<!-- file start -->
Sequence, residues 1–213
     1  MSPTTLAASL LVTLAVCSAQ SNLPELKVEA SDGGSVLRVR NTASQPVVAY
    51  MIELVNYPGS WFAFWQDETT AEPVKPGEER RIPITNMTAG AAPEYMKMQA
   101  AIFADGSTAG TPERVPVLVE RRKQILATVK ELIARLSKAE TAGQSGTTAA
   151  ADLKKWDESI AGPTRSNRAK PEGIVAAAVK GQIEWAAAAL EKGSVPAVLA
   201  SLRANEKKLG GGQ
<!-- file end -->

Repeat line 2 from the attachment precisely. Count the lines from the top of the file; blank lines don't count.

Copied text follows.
     1  MSPTTLAASL LVTLAVCSAQ SNLPELKVEA SDGGSVLRVR NTASQPVVAY